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Deciding when a novel duty of care should be recognised in New Zealand, by Simon Reeves LLB/LLM

The New Zealand  test is whether “in light of all the circumstances of the case, it is just and reasonable that such a duty be imposed.”[1] The courts in New Zealand have adopted a two stage framework when determining whether it is just and reasonable to impose a duty of care. The first step is this:

The Courts would consider first whether the loss was foreseeable and whether there is a sufficient relationship of proximity such that in the contemplation of a wrongdoer, carelessness on that wrongdoer’s part may be likely to cause damage to the plaintiff. Foreseeability is in novel cases at best a screening mechanism to exclude claims which must obviously fail because no reasonable person in the shoes of the defendant would have foreseen the loss.[2]

Foreseeability

Foreseeability “must be grounded in a relationship of sufficient closeness, or proximity, to make it just and reasonable” to impose a duty of care.[3]

Proximity

Proximity “turns on the closeness and directness of the relationship between the parties”.It “reflects a balancing of the plaintiff’s moral claim to compensation for avoidable harm and the defendant’s moral claim to be protected from an undue burden of legal responsibility”.[4]

 

Vulnerability

In some situations vulnerability of parties is important in establishing proximity. Of course if the parties are sophisticated commercial parties able to protect themselves through contract the vulnerability would not have too much weight. However given that the courts would consider not the vulnerability “of the interest itself” but rather the “inability of [the plaintiff] to protect itself”[5] there might be a finding of vulnerability in commercial cases too.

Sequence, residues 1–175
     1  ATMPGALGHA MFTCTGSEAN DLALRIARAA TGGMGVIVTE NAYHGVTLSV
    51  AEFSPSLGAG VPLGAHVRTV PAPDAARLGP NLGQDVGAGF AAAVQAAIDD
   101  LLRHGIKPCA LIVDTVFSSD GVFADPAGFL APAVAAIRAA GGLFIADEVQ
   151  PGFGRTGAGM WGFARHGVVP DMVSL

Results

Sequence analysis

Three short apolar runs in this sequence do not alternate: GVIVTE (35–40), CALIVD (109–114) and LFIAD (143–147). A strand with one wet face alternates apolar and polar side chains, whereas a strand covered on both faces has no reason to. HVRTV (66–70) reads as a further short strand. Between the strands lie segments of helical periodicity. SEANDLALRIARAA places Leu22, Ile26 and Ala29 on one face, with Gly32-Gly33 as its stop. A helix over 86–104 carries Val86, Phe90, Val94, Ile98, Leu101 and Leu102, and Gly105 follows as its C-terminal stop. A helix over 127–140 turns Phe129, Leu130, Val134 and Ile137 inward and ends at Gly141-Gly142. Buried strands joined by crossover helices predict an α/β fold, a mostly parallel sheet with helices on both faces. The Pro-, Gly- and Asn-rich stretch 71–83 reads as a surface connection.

Policy Considerations

The second step is considering whether there are any policy considerations which ought to negate or limit the scope of the duty or the class of persons to whom it is owed.[6]

 

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[1] South Pacific Manufacturing Co Ltd v New Zealand Security Consultants and Investigations Ltd [1992] 2 NZLR 282 (CA) at 305 per Richardson J; Rolls-Royce New Zealand Ltd v Carter Holt Harvey Ltd [2005] 1 NZLR 324 (CA) at [58].

[2] North Shore City Council v Attorney-General [2012] NZSC 49, [2012] 3 NZLR 341 [The Grange] at [157].

[3] R v Imperial Tobacco Canada Ltd [2011] 3 SCR 45 at [41].

[4] South Pacific Manufacturing Co Ltd v New Zealand Security Consultants and Investigations Ltd, above n 1, at 306 per Richardson J.

[5] Minister of Education v Econicorp Holdings Ltd, [2011] NZCA 450, at [93].

[6] Attorney-General v Carter [2003] 2 NZLR 160 (CA) at [22]–[32].

 

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Limitation of warranties

The legal information on this website is provided “as is” without any representations or warranties, express or implied. East Asian Business Development Center L.P and Simon Reeves Law Office make no representations or warranties in relation to the legal information on this website. Without prejudice to the generality of the foregoing paragraph,  East Asian Business Development Center L.P and Simon Reeves Law Office do not warrant that: the legal information on this website will be constantly available, or available at all; or the legal information on this website is complete, true, accurate, up-to-date, or non-misleading.

Professional assistance

You must not rely on the information on this website as an alternative to legal advice from your attorney or other professional legal services provider. If you have any specific questions about any legal matter you should consult your attorney or other professional legal services provider.

 

Reeves/Duhovnikoff & Associates Ltd. 2017

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